Friday, March 31, 2017

Rainy, foggy, snow on the way

As the title implies it's a warm, balmy, sunshiny day here in the Nebraska Panhandle. Er...

In this part of the country this is the time for spring rains, which sometimes come in the form of snow. We only average 16.29 inches of liquid precipitation (snow is melted and measured to arrive at a liquid equivalent) per year, and over the last 123 years an average of 5.65 inches of that comes in March, April and May. A further 7.29 inches typically arrives in June, July and August, so nearly 13 of our 16 inches arrive over one-half of the year.

Spring rains are pretty important to get the grass growing, particularly cool season perennial grasses. Follow on summer rains keep the grass growing and boost warm season grass production.

We've had nice moisture over the last few days and it looks like more is on the way. This eases the mind of the grass farmer as we know we'll have at least early-season grass this year. What will come later will, well, come later. For now there's a bit of security in the grass farmer's outlook.

Spring rains not uncommonly turn into spring snows. This is a complication for the grass farmer who chooses to harvest grass with cattle, particularly if the cattle are having babies in the spring, which is rather often the case.

Range beef cattle of the type we raise are well equipped to survive and thrive in springtime snow conditions and usually even manage to weather blizzards in fine shape.

Severe blizzards can be a different story, and the right (or wrong) combination of snow, cold and wind can depopulate your cows and calves in a matter of hours. It's always a risk. We take steps and introduce strategies to mitigate the risk, but in a worst case you can loose all your cattle overnight or in an afternoon.

On the plus side, back during the Blizzard of '49, when several hundred thousand cattle perished across the Great Plains, our ranch lost but a single aged milk cow. As Juvat points out, luck is often more reliable than skill.

The snow promised over the next week or so looks like it'll be pretty tame. Our cows are healthy and well fed and those that calve during the inclement weather should do just fine. I'll be watching closely, of course, and I may have to spring into action. But that's my job.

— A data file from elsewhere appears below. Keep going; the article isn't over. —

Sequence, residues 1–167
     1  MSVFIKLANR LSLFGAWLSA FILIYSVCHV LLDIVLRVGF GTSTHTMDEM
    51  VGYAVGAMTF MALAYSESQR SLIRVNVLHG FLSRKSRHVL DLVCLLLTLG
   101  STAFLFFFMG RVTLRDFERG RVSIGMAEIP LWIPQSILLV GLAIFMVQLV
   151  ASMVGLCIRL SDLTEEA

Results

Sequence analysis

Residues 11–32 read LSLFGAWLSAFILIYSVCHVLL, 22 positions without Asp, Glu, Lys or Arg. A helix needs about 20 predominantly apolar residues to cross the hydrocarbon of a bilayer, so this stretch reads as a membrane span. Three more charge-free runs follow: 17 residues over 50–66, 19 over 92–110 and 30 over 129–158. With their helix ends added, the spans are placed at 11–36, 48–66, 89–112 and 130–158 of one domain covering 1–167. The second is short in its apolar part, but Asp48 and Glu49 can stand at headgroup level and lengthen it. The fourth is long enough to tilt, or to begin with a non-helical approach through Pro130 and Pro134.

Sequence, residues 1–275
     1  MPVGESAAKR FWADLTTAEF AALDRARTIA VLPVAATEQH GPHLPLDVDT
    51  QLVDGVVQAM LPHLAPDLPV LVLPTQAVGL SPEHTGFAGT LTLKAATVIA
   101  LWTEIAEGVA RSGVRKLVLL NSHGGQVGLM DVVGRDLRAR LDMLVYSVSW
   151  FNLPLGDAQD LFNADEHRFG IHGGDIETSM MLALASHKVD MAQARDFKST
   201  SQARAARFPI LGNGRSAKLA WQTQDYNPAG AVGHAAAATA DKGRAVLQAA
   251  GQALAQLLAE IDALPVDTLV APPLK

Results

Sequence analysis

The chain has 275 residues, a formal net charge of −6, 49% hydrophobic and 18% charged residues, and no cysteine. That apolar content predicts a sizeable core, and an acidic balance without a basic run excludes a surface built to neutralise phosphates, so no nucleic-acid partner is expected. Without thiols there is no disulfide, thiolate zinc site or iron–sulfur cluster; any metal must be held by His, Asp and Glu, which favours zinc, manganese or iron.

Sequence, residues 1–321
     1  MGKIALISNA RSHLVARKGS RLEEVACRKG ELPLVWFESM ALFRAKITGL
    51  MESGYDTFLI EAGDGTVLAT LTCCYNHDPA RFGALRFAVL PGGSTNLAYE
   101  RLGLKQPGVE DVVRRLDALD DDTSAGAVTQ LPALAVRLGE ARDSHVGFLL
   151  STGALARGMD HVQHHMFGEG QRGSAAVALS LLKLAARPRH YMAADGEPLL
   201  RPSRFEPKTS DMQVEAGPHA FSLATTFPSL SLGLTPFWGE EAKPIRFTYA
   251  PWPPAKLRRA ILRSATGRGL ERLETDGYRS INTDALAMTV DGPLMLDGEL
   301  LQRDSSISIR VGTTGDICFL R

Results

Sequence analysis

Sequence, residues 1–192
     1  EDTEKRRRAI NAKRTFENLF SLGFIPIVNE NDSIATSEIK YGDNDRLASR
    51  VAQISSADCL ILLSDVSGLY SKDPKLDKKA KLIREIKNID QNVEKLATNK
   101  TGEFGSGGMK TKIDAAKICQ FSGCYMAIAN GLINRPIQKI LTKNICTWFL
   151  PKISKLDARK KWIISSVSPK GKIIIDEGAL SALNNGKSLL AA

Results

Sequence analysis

Other things happen on the prairie in spring, and one of the most interesting is bird breeding season.

When I first saw this pheasant yesterday afternoon, he was scrapping with another, rival male. They were throwin' it down right in the middle of the county road! Unfortunately I didn't get any video of the fight. It was epic though!

And last evening at sunset, as I prepared to tag a newly born calf,

this fellow perched upon a steel post and gave forth with the Western Meadowlark's characteristic mating call. Music to my ears. Sorry about the background noise, I-80 is only a mile away and the breeze was perfect for carrying traffic noise.

Spring is a neat time of the year.

And now I'm off to Scottsbluff. Mom has an ophthalmologist appointment in preparation for cataract surgery. She'll be having her eyes dilated, so I'm providing seeing-eye-driver-dog services! 


  1. I hope your mother's eye surgery goes well. Thanks for the post to keep us/me up on how things are going on your bit of our planet.

    Paul L. Quandt

    1. Thanks Paul. Looks like the surgery will go like the last one which was very well. And my pleasure. I like to share my good fortune.

  2. Life on the prairie can be grand.

    Saw pheasants all over the place at Kunsan in Korea. Handsome birds. Nothing like the song of the meadowlark.

    (How do birds whistle when they don't have lips. Oh, I said that out loud...?)

    1. Thanks Sarge, Grand indeed.

      I loved your story about the invasion of the nork pheasant hunters!

      And yeah, it's a good question... :)

  3. Hope your mom's eye work goes well. I had both eyes done a while back. 30 minutes, no pain and I'm seeing better than when I was a kid. They really have it down nowadays, particularly using the computer assisted laser method.

    1. Thanks Captain! Her last one went just like that. She developed a secondary cataract but they fixed it with lasers in only a few minutes. We're fortunate to live in this time and place.